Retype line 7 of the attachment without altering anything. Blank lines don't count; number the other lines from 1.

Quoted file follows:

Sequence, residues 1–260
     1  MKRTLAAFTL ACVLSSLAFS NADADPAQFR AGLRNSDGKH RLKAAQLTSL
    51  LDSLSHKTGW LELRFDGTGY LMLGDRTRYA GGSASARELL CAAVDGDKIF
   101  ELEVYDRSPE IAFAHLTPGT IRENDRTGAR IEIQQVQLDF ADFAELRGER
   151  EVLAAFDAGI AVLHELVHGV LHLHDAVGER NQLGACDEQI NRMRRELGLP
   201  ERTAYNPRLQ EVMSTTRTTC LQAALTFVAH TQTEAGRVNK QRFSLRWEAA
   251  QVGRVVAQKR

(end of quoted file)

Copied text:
   251  QVGRVVAQKR